The New Age Emotionally Abusive Partner is most prevalent among men who have spent a lot of time in therapy. They wear yoga clothes and often seem to care exceedingly about Mother Earth. They spend time in men’s circles, where they learn to weep and talk about feeling vulnerable. The many expansive and humbling gifts that can be found on the gentle path are not available to them because they do not truly seek these gifts. Instead, they cloak the dominance they crave in the yogic garb of spirituality. In the retreats I hold for women healing from destructive relationships, women involved with New Age Emotionally Abusive Partners are shocked and relieved to know they are not alone. Typical patterns include:

Privileges

The New Age Emotionally Abusive Partner reserves special privileges for himself out of a belief in his own superiority. A mediator confided in his partner, “Those rules of mediation don’t apply to me; I was born with a gift.” The resources in the family, including time and spending money, are spent on projects, trips and items he feels represent a (his) superior set of values that can not be compromised, so they are not open to true negotiation. These men are good, even great, with apologies and self disclosing explanations. Yet when the guard is down, they will tell you that they don’t actually mean the apology, but that they were doing what was required by you, a being who they consider “lesser.” If you look at the behavior, and the power of choice in a disagreement, the power goes one way: his. These men also feel no requirement to adhere to the principles of honesty. The are liars who feel comfortable with the rationale that there is no “truth” only “perspective,” and so actual patterns of fact can be erased or altered completely. This may sound harsh, until you see it up close. Then it is chilling.

Rules That Reward Him

The New Age Emotionally Abusive Partner often ascribes to very specific preferences for communication. Instead of working to hear what you have to say, he is intent on correcting your method of articulation and detailing how it ultimately and invariably injures him. One woman described how her husband would describe the sexual responsiveness of his beautiful former partner. When she told him she did not want to hear these details, he responded with scandalized disappointment, tears in his eyes, “Is this how you listen to my feelings?!”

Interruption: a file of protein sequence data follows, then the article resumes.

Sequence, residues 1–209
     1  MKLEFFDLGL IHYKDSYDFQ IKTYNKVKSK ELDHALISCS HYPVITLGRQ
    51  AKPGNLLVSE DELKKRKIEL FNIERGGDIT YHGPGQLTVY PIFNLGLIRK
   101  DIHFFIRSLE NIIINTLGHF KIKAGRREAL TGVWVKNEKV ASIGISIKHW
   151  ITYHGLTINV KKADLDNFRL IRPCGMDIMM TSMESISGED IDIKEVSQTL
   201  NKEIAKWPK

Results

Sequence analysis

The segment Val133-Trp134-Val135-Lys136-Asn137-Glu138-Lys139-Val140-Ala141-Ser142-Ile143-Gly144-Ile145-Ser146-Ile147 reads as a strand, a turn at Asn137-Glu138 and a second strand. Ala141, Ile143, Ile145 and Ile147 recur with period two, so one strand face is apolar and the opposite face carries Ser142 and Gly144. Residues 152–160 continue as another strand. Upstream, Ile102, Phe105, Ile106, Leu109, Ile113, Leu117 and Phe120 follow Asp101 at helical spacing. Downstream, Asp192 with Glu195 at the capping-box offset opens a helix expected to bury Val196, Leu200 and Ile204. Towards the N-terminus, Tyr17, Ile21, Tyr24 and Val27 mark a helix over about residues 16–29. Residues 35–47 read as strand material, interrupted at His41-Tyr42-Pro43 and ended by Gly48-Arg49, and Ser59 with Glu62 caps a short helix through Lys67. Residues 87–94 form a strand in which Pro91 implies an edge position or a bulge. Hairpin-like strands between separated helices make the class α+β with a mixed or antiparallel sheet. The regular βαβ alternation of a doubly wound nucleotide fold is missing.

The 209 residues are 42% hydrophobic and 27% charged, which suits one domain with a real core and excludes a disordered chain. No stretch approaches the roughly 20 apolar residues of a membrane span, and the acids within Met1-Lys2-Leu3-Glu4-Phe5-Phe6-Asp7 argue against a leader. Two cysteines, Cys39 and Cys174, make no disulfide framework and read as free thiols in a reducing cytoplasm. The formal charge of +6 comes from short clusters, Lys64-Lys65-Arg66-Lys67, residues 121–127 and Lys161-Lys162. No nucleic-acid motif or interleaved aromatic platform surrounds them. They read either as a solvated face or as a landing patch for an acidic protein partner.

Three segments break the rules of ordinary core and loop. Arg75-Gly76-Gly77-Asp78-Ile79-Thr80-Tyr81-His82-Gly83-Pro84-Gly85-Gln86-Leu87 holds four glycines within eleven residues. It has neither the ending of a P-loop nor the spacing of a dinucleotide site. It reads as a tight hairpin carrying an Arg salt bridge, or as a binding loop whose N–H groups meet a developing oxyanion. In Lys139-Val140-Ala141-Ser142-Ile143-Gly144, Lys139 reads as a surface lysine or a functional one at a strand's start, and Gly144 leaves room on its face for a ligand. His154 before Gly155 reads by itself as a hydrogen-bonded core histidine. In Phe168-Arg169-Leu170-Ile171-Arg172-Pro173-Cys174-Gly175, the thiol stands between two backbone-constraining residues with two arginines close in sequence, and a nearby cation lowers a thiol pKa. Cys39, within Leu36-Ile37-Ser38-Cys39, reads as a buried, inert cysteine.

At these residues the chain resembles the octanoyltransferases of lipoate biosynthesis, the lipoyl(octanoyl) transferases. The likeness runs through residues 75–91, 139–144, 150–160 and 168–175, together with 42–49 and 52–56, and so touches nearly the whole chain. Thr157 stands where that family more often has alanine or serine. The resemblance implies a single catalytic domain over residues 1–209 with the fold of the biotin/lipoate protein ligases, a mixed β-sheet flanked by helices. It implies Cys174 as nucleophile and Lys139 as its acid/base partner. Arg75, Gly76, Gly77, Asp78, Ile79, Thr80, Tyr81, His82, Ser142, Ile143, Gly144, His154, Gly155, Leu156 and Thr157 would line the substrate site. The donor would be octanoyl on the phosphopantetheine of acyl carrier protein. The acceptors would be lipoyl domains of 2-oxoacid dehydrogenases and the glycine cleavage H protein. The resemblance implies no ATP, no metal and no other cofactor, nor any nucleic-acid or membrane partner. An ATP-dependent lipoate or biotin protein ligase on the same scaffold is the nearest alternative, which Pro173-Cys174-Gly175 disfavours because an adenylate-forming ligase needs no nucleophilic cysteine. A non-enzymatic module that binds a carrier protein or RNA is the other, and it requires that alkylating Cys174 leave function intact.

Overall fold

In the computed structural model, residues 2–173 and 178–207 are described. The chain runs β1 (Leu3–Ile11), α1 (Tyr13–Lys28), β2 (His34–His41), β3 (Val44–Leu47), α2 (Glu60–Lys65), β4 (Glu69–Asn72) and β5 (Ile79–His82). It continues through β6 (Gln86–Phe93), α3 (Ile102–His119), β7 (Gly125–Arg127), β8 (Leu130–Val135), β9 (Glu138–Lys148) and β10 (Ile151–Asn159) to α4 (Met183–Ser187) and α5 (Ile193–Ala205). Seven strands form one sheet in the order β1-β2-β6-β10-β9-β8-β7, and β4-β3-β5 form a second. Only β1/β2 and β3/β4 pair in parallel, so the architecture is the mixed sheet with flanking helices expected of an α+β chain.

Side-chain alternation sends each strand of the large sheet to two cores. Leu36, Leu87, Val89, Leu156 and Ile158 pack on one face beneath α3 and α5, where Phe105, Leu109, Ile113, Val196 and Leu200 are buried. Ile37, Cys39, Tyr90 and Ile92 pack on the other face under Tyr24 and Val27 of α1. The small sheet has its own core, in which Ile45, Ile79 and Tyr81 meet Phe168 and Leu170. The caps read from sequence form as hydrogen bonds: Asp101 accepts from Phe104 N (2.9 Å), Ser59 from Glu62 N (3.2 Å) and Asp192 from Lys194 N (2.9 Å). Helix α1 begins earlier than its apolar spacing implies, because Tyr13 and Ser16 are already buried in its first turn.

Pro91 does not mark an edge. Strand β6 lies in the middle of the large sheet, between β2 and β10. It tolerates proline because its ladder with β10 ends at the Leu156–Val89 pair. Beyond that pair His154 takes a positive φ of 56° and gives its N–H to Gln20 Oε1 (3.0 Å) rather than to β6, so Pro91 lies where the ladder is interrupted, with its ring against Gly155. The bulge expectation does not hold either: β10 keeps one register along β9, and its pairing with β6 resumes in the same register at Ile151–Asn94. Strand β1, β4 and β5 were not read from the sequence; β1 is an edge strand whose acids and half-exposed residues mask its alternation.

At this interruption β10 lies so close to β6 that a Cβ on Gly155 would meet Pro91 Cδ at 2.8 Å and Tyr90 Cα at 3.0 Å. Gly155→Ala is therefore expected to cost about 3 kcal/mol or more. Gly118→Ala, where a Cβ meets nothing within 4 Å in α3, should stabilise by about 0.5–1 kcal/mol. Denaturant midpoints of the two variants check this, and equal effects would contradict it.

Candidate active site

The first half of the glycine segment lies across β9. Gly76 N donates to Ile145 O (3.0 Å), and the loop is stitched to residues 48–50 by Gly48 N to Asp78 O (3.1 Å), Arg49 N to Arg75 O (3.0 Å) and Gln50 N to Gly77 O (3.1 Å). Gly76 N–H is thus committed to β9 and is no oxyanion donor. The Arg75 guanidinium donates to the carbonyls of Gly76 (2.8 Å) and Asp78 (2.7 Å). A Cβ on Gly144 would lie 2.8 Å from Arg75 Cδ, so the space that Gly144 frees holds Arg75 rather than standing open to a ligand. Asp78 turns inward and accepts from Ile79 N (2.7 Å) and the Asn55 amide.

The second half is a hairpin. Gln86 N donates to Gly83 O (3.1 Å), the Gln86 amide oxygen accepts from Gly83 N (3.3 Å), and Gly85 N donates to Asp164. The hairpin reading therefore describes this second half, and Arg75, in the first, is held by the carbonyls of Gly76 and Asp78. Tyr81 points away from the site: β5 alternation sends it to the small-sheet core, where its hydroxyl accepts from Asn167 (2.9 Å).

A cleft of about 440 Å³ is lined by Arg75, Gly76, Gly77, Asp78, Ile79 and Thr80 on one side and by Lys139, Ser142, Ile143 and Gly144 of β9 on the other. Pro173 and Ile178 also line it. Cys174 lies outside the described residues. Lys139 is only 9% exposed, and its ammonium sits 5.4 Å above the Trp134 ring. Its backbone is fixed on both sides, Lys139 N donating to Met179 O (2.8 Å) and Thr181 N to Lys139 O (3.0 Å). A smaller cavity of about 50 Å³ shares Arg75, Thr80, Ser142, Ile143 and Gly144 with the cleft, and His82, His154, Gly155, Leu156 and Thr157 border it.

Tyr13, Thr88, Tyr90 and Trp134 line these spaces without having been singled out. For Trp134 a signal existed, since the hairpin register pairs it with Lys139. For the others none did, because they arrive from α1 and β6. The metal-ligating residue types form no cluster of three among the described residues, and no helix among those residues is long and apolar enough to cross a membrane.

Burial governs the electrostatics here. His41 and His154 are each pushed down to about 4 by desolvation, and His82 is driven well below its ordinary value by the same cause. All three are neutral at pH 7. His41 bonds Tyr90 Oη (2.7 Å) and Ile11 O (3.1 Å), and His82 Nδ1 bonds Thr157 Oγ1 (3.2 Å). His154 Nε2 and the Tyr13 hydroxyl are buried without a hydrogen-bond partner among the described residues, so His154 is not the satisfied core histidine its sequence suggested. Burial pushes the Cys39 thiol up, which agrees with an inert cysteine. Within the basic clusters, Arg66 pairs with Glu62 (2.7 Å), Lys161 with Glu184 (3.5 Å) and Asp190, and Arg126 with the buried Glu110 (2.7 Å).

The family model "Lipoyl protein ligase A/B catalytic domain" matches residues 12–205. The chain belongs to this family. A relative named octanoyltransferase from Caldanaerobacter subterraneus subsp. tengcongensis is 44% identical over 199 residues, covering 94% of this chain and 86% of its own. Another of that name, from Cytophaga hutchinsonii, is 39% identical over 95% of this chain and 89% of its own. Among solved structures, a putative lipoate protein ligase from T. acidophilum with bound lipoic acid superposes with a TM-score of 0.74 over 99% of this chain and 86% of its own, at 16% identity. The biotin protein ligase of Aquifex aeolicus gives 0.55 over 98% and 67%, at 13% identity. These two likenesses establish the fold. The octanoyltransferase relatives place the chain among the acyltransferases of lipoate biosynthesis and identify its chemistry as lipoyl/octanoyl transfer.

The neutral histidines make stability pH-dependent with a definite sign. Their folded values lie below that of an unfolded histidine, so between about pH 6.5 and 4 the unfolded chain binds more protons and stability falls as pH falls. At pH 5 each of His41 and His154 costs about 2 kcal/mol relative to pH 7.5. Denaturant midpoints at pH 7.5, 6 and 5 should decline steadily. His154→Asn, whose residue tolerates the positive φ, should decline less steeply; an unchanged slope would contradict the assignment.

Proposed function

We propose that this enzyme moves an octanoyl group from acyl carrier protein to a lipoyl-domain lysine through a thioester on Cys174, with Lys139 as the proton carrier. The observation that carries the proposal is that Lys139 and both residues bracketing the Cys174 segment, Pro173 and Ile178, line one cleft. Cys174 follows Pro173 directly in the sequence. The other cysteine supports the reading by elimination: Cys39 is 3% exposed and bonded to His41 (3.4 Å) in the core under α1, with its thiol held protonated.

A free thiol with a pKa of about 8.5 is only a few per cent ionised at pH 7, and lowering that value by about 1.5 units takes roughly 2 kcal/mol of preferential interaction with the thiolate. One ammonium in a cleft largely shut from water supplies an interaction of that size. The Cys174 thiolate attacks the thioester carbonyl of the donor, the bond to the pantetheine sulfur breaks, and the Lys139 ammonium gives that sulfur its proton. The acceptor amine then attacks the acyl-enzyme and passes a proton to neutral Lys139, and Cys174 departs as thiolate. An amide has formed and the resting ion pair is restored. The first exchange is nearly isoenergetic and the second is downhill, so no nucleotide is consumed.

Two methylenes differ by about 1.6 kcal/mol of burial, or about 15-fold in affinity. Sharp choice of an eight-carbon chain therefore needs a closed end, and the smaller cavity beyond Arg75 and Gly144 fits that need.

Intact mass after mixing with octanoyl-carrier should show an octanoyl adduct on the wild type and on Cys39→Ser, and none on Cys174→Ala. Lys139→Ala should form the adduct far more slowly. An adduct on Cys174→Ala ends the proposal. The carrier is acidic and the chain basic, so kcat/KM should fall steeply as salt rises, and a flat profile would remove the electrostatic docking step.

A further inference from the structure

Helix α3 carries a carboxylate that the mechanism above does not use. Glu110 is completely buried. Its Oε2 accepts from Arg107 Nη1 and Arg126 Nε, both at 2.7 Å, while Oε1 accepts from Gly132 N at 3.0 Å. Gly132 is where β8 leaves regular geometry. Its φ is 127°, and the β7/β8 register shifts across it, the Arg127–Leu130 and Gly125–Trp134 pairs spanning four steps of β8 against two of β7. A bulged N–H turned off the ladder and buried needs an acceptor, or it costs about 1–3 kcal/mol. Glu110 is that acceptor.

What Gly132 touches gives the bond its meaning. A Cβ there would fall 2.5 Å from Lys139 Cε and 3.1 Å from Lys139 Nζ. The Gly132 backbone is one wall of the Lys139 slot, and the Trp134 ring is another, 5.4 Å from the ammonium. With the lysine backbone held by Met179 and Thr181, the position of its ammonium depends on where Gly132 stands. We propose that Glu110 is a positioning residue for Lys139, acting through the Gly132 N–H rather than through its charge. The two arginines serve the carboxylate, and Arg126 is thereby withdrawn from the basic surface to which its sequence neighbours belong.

Another woman describes how her partner mused aloud, “You know, everyone says how beautiful you are, and I notice that from some angles, I find you repulsive. You see how sick my mind is? I have to work on my ego.” She was astute, so she replied, “You just insulted me while making it seem as though your spiritual awareness takes away the insult, but you still said it.” His answer? “Why do you always shut me out? This is about me, not you! Can’t you support my path?”

He makes up rules such as, “Therapists and friends must not judge,” so that if someone holds him accountable, he can claim an implied covenant (his) was broken, feel wounded, and distance himself from the challenge.

Back To Me

Spiritual principles are often invoked, mixing levels of meaning. For example, one abusive partner was confronted by his wife on his relentlessly controlling behavior. She used so many specifics, and followed the preferred communication practices to a “T”. “My abusiveness is just a projection of your own sick mind!” he shouted at her. In a neat, succinct twist, he both acknowledged the abuse and blamed her for its ultimate cause on a spiritual plane.

For many, there is a plane of meaning on which separation is an illusion and we write our own stories, so to speak. This level of contemplation is meant to dissolve defenses, not to reinforce them. With the New Age Emotionally Abusive Partner, all accountability is erased by these spiritual sleights of hand.

Why does he do this? Because if you follow these practices, you always get things your own way. It is ultimately destructive to all relationship, but the New Age Emotionally Abusive Partner will feel wounded by the ‘terrible women who let him down’, swear to himself that he will never allow himself to be ill-used again, finding the ultimate excuse to consolidate his power.